Tag Archives: writing

Dear Animals, We’re Sorry. Sincerely, The Human Race

Photo by Kevin J. Czarzasty © http://www.flickr.com/people/kczarzasty
Photo by Kevin J. Czarzasty © http://www.flickr.com/people/kczarzasty

Dear Animals,

We’re sorry we hurt you.

We’re sorry we torture you.

We’re  sorry we burn you for fun.

We’re  sorry we poke you.

We’re  sorry we prod you.

We’re  sorry we subject you to a lifetime of pain so we can eat you.

We’re  sorry we kick you just to feel better about ourselves.

We’re  sorry we rip the skin off your bones while you’re still alive.

We’re  sorry we sell you in pet shops and then abandon you when we’ve had enough.

We’re  sorry we leave you in garbage cans.

We’re  sorry we shove hormones down your throat.

We’re  sorry we steal your babies from you.

We’re  sorry we throw you off of bridges.

We’re  sorry we chain you up all day and all night.

We’re  sorry we drown you.

We’re  sorry we force you to do unnatural tricks for our entertainment.

We’re sorry we forget to feed you or give you water.

We’re  sorry our disgruntled slaughterhouse workers take out all their aggression on you.

We’re  sorry we force you to fight each other.

We’re sorry we force you to fight us.

We’re  sorry we use you for transportation.

We’re  sorry we sacrifice your life so we can have another leather couch, car seat, belt or pair of shoes.

We’re  sorry we make you scream in pain and then put a picture of a smiling chicken on the box.

We’re  sorry we make you feel like you are part of the family and then forget about you when the baby comes.

We’re  sorry we drag you behind our cars.

We’re  sorry we keep you in dark, crowded, horrid living conditions.

We’re  sorry we force feed you to make you fatter.

We’re sorry we burn your front paws in order to make you stand on two feet so our children can laugh.

We’re sorry we sexually abuse you for our fetishes.

We’re sorry we trap you.

We’re sorry we hunt you.

We’re sorry our shelters still use inhumane methods of killing.

We’re sorry we subject you to a lifetime of terrorizing experiments so we can have yet another shampoo.

We’re sorry we don’t report our neighbors who are mistreating you to the authorities.

We’re sorry we poison you in the middle of the night.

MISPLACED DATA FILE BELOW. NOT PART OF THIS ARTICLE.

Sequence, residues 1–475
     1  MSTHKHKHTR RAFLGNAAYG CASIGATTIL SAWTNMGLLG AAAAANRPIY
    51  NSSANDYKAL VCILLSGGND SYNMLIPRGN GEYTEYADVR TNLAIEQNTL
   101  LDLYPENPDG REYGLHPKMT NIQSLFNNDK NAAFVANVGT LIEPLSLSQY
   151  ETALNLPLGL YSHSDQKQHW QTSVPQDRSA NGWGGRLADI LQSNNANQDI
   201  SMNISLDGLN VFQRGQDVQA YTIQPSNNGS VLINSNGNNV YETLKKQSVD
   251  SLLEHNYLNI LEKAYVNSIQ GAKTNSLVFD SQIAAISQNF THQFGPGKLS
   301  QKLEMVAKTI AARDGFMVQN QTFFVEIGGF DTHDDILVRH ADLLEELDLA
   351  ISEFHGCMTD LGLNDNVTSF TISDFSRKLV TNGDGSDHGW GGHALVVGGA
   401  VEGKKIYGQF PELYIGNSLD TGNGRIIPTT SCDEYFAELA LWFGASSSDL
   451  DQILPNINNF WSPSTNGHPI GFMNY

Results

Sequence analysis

We’re sorry we humiliate you.

We’re sorry we keep you alone indoors all day long and then get too lazy to take you for walks.

We’re sorry we choke you and suffocate you.

We’re sorry we yell at you.

We’re sorry we leave you out in the cold rain and in the hot sun.

We’re sorry we forget you in boiling hot cars with no open windows.

We’re sorry we intimidate you to feel powerful.

We’re sorry we dump you when you’re old and sick.

We’re sorry we sacrifice you for our beliefs and religions.

We’re sorry we starve you as a form of “art”.

We’re sorry we expose you to explosions and gunshots so we can film another movie.

We’re sorry we trap you in zoos so we can watch you suffer.

We’re sorry we treat you like objects that can be exploited for our own selfish purposes.

And most of all: We’re sorry we don’t recognize you for the amazing, intelligent, glorious, magnificent creatures that you are.


The Human Race

Written by Shira Tamir 2010

The Ones That Leave a Mark

I was up the other night, thinking about my life, my writing and what was holding me back.. when all of a sudden I stumbled across an old book report I had written back in high school on the Catcher in the Rye, graded by the most influential teacher I ever had in my life: Mr. George R. Blouin.

While looking over the paper, I instantly remembered our English class reading through The Catcher in the Rye together, and how Mr. Blouin he had pushed and pushed us to understand J.D. Salinger’s brilliant and touching interpretation of what it was really like growing up in today’s world.

Mr. Blouin spoke about the story with passion, challenging us lost kids to face our own phoniness and sarcasm through the eyes of the controversial protagonist, Holden. He would write on the board so fast, and with so much intensity, that usually I could barely make out most of his handwriting.

But it didn’t matter – he was getting the message across.

And when the smart-asses in the class didn’t quite ‘get it’, Mr. Blouin would climb on top of his desk to avoid “all the bullshit that was filling up the room”.

That was Mr. Blouin for you. He was just one of those teachers that was so respected, by so many students, over so many years, that he could pretty much get away with anything and no one would ever say a word. It was an unspoken law.

He was a man that told us the truth and pushed us to think for ourselves. He was the kind of teacher that would literally get furious with you if he felt you were not living up to your potential. He was a man that truly cared about his students’ lives, and it didn’t matter to him that he’d given those same exact speeches and introductions to generations of kids before us. He did it again and with the same passion.

So you can imagine why his comments and advice always meant the world to me.

And that night, in the midst of my writer’s block, Mr. Blouin had returned, through this lost and forgotten book report, to offer his words of wisdom once again.

I understand that I came across his words for a reason. I understand that it was meant to be.

What I still don’t understand, ironically enough, is his handwriting:

George Blouin - Catcher in the Rye